• Rule 42 is amended to require the circuit clerk to dismiss an appeal ‎if all ‎parties agree and to clarify that the requisite fees are court fees, not ‎attorney’s fees.‎
  • Bankruptcy Rules 2005, 3007, and 9036‎
    • Rule 2005 amendment clarifies intent to address attendance or ‎appearance ‎conditions at the relevant proceedings, not to impose penalties for failure ‎to appear.‎
    • Rule 3007 is amended to clarify that the special service method ‎required ‎by Rule 7004(h) may be used for service on insured depository ‎institutions, not on credit unions.‎
    • Amended Rule 9036 is “going green” by requiring certain high-volume ‎notice recipients currently being served with paper copies to switch to ‎electronic service. ‎

December 1, 2022‎

  • Federal Rule of Appellate Procedure 25‎
    • Amended Rule 25 would afford the same privacy protections in Railroad ‎Retirement cases as in Social Security cases by limiting access to ‎electronically stored filings. ‎
  • Federal Rules of Bankruptcy Procedure, Restyled Parts I and II; Rules 1007, 1020, 2009, ‎‎2012, 2015, 3002, 3010, 3011, 3014, 3016, 3017.1, 3017.2 (new), 3018, 3019, 5005, ‎‎7004, and 8023 ‎
    • Stylistic and conforming amendments included at length throughout Parts ‎I and II of the Federal Rules of Bankruptcy Procedures.‎
    • Amendments to Rules ‎1007, 1020, 2009, 2012, 2015, 3010-11, 3014, ‎‎3016, 3017.1 and 3017.2‎, 3018, and 3019 would create modified and new ‎procedures to govern cases consistent with enactment of the Small ‎Business Reorganization Act of 2019, which gives a small business debtor ‎the option of electing to be a ‎debtor under subchapter V of chapter 11.‎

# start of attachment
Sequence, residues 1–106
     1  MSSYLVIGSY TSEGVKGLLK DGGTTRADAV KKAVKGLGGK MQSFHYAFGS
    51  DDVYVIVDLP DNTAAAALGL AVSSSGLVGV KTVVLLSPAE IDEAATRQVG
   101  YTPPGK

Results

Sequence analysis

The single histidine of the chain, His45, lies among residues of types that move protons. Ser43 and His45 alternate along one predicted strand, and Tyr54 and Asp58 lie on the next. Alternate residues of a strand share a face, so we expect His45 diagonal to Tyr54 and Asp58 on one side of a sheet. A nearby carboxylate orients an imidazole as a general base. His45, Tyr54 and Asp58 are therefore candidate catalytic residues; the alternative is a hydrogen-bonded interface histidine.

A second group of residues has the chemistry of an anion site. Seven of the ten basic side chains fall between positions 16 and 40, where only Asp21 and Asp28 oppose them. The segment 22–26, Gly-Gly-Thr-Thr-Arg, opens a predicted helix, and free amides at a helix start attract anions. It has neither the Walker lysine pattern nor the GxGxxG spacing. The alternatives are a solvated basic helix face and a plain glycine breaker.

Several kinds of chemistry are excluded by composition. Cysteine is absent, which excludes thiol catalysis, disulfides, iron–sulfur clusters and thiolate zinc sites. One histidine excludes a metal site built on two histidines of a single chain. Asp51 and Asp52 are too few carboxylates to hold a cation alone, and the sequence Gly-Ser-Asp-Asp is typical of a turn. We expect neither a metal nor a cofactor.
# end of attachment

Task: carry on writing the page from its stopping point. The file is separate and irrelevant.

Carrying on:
• Amended Rule 3002(c)(6) would allow an extension of time to file proofs ‎of claim for both domestic ‎and foreign creditors if “the notice was ‎insufficient under the circumstances to give the creditor ‎a reasonable time ‎to file a proof of claim.”‎
    • Proposed changes to Rule 5005 would ‎allow papers to be sent to the U.S. ‎trustee by electronic means, and would eliminate the ‎requirement that the ‎filed statement evidencing transmittal be verified.‎
    • ‎Proposed amendments to Rule 7004 clarify that when serving an agent of a corporation, ‎partnership or other unincorporated association, the agent's position or title may be used ‎instead of the  specific name, and if the recipient’s name is used, the name need not be ‎correct if service is made to the proper address and position or title.‎
    • Amended Rule 8023 clarifies that dismissal is mandatory upon agreement ‎by the parties.  ‎
  • Federal Rule of Civil Procedure 12 and Supplemental Rules for Social Security Review ‎Actions  
    • Rule 12 amendment allows 60 days to serve a responsive pleading for a ‎U.S. ‎officer or employee sued in an individual capacity for an ‎act or ‎omission in connection with duties ‎performed on behalf of the U.S., after ‎the court denies a Rule 12 motion or postpones its disposition until trial, in ‎order to afford adequate time for a potential collateral-order appeal when ‎the Rule 12 motion raises an official ‎immunity defense.‎‎
    • The Supplemental Rules establish a simplified ‎procedure for review of an ‎‎individual’s claims on a single administrative record. ‎These new rules ‎apply only to final decisions by ‎the Commissioner of Social Security.‎
  • Federal Rule of Criminal Procedure 16‎
    • Amendments to Federal Rule of Criminal Procedure 16 specify the ‎required timing and content of expert witness disclosures, preserving the ‎reciprocal structure of the current rule.‎


As these anticipated amendments begin to go live at the end of this ‎year,‎5‎ Locke Lord is ‎available to answer questions about the changes to the Federal Rules and how those changes may ‎impact pending litigation in federal courts across the country.‎


1 See, e.g., infra note 2.‎
2 Congressional Package – April 2020; Supreme Court Package  – ‎October 2019; Standing Committee Report to the Judicial ‎Conference – September 2019; and Preliminary Draft of Proposed ‎Amendments to the Federal Rules –  August 2018
5 While these Federal Rule amendments are expected to go into effect as planned, they can be delayed for various ‎reasons or withdrawn entirely. Up-to-date federal rule and form changes are found in advisory committees' ‎most recent books and records. ‎